While we may not always have the time to review all the comics we get every week, we do try and provide a snapshot of the latest releases, mixing the good with the not so good.
FLASH GORDON: ZEITGEIST #1
Writers: Eric Trautmann & Alex Ross
Art: Daniel Indro, Slamet Muijiono & Alex Ross
Dynamite Entertainment $1.00
Matt C: Even though a recent live-action series was critically mailed then swiftly cancelled and a comic series from Ardden Entertainment failed to pull in readers, Flash Gordon remains a potent force in popular geek culture. Nearly 80 years after the initial publication of the Flash Gordon comic strip we’re still seeing people go back to Alex Raymond’s creation to spin new iterations on the character in attempt to reel in new readers. I’ve never been a HUGE fan – I watched the old Buster Crabbe reruns as a kid and have fond memories of the 1980 movie – so while the aforementioned TV show and comic series passed me by, I had to pick this up because the dollar price tag was irresistible and that cover is one the most evocative I’ve seen from Alex Ross in a while. It takes a lot of plot beats from the Mike Hodges film - obviously a homage rather than a rip-off - but it works well and adding the Nazi element offers up lots of possibilities (although I hear its an idea that’s been utilized before). If you hold the film in mind when you read this you’ll likely connect with the pulpy sci-fi fun it contains – the art is solid with some flashes (sorry!) of visual invention (Ross’ influence no doubt) and the script is tight and propulsive. It’s doesn’t replicate the film’s camp tone and there’s a much more serious element at play, but not too serious as to exclude the kind of adventure and thrills you’d expect from the character. To be honest, I wasn’t expecting great things from this so I’m more than pleasantly surprised to discover how much I enjoyed it. For $1.00, it’s an essential purchase. 8/10
James R: "Klytus, I'm bored... What plaything can you offer me today?"
"Well, your majesty, it was a quiet week, so we have this, an obscure title from Dynamite publishing, home of a million Green Hornet comics and, er, Alex Ross' vanity projects."
"Bah! Why should the ruler of Mongo - no laughing at the back! - waste his time on such a folly?"
"It features us, your highness. And what can only be described as a galactic-sized feeling of deja vu."
"What weapon has caused this deja vu, Klytus?"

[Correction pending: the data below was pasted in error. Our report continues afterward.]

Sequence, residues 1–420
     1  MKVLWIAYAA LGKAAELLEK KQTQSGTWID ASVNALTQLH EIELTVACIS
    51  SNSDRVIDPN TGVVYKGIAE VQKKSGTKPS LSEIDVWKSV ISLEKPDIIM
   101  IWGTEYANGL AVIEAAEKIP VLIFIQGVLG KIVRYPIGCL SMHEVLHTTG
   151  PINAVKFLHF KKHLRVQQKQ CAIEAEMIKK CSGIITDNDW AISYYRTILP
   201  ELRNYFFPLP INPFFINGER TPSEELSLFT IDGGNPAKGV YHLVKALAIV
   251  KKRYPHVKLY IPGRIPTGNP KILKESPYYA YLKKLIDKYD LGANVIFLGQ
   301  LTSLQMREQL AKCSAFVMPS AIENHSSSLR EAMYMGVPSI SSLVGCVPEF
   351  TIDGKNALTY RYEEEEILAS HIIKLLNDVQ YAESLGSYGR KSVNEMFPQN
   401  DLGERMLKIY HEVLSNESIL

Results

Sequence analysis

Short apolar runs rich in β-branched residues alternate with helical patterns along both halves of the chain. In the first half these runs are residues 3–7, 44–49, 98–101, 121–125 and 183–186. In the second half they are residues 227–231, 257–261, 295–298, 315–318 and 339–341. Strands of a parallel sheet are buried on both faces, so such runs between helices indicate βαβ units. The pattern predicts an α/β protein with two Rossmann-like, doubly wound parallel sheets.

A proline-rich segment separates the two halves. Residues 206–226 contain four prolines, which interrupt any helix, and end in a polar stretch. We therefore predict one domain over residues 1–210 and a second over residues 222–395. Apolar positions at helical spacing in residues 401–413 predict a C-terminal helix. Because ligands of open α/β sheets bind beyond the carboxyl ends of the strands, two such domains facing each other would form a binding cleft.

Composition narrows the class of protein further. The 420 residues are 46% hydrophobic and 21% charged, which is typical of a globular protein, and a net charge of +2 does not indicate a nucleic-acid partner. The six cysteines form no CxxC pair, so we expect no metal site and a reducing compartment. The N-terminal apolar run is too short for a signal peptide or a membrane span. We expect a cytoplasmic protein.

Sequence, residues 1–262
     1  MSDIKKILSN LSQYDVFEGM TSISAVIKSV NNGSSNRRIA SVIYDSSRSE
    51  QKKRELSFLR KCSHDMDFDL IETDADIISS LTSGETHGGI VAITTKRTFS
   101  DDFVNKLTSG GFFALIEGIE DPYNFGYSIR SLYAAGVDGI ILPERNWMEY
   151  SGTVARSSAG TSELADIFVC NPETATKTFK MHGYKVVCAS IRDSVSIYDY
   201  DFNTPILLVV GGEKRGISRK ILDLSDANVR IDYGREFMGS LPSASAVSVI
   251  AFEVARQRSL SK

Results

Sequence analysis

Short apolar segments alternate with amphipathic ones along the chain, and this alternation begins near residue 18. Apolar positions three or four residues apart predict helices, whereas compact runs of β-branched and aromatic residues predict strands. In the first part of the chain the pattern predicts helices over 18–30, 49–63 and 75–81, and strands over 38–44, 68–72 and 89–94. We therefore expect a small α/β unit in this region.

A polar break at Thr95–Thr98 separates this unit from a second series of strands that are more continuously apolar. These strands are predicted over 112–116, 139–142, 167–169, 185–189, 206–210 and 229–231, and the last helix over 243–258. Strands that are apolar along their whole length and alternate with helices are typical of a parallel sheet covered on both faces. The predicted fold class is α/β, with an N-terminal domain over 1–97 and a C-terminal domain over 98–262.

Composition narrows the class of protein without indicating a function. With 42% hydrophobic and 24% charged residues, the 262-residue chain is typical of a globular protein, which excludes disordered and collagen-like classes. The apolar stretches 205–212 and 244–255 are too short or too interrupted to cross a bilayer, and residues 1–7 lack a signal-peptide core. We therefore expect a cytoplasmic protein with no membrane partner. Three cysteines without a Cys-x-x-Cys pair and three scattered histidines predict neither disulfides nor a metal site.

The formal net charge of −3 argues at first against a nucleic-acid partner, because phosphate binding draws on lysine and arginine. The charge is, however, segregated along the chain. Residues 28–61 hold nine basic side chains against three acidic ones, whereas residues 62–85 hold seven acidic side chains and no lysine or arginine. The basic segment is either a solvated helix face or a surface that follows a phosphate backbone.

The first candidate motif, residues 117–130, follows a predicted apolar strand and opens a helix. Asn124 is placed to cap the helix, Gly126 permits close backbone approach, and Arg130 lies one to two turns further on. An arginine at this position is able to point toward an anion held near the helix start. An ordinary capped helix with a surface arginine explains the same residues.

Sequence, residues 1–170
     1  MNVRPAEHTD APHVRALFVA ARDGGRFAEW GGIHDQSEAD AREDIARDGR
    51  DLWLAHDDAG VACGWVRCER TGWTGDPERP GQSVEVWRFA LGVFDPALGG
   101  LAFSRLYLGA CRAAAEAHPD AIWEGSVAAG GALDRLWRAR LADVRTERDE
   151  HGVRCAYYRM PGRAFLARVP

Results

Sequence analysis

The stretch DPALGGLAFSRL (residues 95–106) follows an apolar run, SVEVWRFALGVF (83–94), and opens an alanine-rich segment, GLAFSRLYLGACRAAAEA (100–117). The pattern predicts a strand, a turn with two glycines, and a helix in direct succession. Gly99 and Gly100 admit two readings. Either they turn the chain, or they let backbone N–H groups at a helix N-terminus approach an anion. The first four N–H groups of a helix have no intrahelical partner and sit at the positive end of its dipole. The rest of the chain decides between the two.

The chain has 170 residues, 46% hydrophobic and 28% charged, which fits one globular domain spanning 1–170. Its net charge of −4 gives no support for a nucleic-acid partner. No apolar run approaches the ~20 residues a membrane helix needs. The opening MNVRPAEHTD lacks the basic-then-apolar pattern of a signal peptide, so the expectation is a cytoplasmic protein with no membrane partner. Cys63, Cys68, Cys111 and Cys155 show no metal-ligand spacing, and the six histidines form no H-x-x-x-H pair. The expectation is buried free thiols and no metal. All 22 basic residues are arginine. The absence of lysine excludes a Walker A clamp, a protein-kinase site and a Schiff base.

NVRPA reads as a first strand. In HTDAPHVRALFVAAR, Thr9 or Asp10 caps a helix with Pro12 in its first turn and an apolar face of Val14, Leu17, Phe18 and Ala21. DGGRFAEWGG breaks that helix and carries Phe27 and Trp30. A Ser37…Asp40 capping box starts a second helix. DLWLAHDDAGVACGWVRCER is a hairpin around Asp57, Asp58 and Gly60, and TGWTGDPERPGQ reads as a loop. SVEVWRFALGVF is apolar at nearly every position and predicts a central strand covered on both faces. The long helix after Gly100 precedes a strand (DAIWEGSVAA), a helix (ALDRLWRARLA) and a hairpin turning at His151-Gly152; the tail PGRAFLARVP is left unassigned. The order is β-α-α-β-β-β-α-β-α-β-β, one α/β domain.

"It appears that the creative team behind this book have decided to take the plot of the 1980 film and copy it in its entirety."
"GAH! Remove this effrontery! Does it have any redeeming features?"
"The persons responsible have noticed that your mortal enemy - Flash Gordon - had his first adventures in the 1930s, and have thus decided to stick the movie plot over the backdrop of the period... which could be interesting... but it's not. Oh, it also features Hitler. But only at the end. It is unbelievably stupid, even for a comic."
"Hmmm. I feel these graphic terrorists should get a dose of hot hail!"
"Your majesty... the issue was only $1.00. May I suggest a session with the Bore Worms for all concerned?!"
"Excellent Klytus! Mwa-Haaaaa-haaaa." 3/10
UNCANNY X-MEN #2
Writer: Kieron Gillen
Art: Carlos Pacheco, Jorge Molina, Rodney Buchemi, Cam Smith, Roger Bonet, Walden Wong, Frank D’Armata, Rachelle Rosenberg & Jim Charalampidis
Stewart R: Having enjoyed the first issue enough there are just a few things here that don’t quite feel right. Gillen really goes for the motives and philosophy of Sinister in this issue and as a result the X-Men are pretty much along for the ride as we witness the self-confessed ego trip of their longtime foe. Gillen sets up Sinister as some kind of systemic, engineered and evolved off-shoot of humanity and mutantkind but that sort of threat has been teased and seen in Marvel comics before - the Phalanx and Deathloks are two that come to mind and there’s similarity to anything the High Evolutionary has done recently too. That’s the big issue but also little points like Scott being able to remove Colossus’ helmet so easily seem a little ‘lazy’ I guess, like they’re just there to get the plot to the next period of Sinister’s gloating. It’s not a complete loss by any means as moments such as Scott’s backup plan involving Hope and Jorge Molina’s flashback pages work well. I was just expecting a bit more from the return of Sinister and I’m just a little underwhelmed by what I’ve received here. 6/10
Writer: Brian Azarello
Art: Eduardo Risso & Patricia Mulvihill